It may very well be that in one or two short years, Davante Adams (five years, can’t optout before age 32 season) and Tyreek Hill (four years, can’t opt out before age 31 season) might be jealous of the sheer flexibility this younger pack of playmakers has baked into their active pacts.

Deebo Samuel contract and salary breakdown, via Spotrac

Taking a look at Metcalf, Moore, McLaurin, and Johnson, it’s notable that each of their teams is likewise dealing with some uncertainty at quarterback, but without the bullish outlook the 49ers have:

  • Metcalf and the Seahawks saw Russell Wilson traded out of from Seattle, leaving Geno Smith and Drew Lock in a quarterback battle. Smith went 1-2 as a starter last year, while Lock was 0-3. 
  • DJ Moore’s Panthers have opted for new arrival Baker Mayfield in Week 1, who edged out Sam Darnold. Both quarterbacks ranked in the bottom five in QB rating last year.
  • McLaurin’s Commanders will likely be starting Carson Wentz after acquiring him from the Colts. Wentz ranked ninth in quarterback rating in 2021, but lost a late-season game to the lowly Jaguars that cost Indy a playoff trip. 
  • Diontae Johnson and the Steelers saw Ben Roethlisburger retire, which means the likes of Mitchell Trubisky, Mason Rudolph, and rookie Kenny Pickett are left to battle it out. Trubisky barely played for the Bills last year, while Rudolph sat behind Big Ben.

It’s notable that each of these receivers was scheduled to enter restricted free agency coming off their rookie deals following the 2022 season. Playing on a contract year is risky — betting that hard on oneself can mean a windfall, but a serious injury can strike at any time, such as we saw with Odell Beckham Jr. in the Super Bowl with the Rams. Opting for a shorter extension is another sort of self-bet, but one that sidesteps some key uncertainty for a player nearing the end of his rookie contract.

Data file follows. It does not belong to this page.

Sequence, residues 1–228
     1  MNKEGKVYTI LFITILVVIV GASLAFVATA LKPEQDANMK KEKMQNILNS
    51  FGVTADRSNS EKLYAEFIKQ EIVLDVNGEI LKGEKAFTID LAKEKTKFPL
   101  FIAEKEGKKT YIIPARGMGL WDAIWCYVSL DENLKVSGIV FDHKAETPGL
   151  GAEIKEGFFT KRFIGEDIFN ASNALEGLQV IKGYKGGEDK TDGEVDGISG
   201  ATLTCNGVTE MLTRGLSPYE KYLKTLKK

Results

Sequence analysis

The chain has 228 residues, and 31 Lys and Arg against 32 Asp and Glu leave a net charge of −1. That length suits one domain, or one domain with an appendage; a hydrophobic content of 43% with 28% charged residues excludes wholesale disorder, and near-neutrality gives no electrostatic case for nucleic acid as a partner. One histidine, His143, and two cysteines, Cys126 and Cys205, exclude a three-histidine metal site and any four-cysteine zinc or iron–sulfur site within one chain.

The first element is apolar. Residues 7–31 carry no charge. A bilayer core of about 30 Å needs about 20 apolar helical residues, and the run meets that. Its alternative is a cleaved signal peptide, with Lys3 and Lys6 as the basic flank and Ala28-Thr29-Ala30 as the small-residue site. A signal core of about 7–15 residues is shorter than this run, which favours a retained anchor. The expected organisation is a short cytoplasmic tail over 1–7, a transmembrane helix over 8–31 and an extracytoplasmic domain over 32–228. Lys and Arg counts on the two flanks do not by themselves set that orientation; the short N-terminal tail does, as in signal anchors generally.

Yes, the idea of a wide receiver (or any other player) betting on himself isn’t new, but we’re witnessing an escalation of the NFL salary cap that is historic in nature, particularly following the dip brought about by COVID shortfalls in 2020. It’s all served to create unique opportunities on the salary market that have played out across the wideout position in unprecedented fashion.

Whether these investments truly change the fortunes of the teams involved in the form of a Super Bowl run is anything but certain; it’s worth noting that the Rams (Cooper Kupp) and Bengals (Ja’Marr Chase) both made it to the big game last season with No. 1 wideouts making well below their “real” market value. But what we do know for sure is that this new wave of wide receiver contracts is both getting guys paid and handing them flexibility with regards to entering and re-entering free agency like never before.

Hill, Adams, and Kupp have set the economic pace in their late 20s and early 30s, but the next generation is already rising — and fast. By the time Metcalf, McLaurin, Moore, Johnson, and Samuel decide to become free agents, we might just look at Kupp’s three years and $80 million as an absolute team-friendly steal by comparison.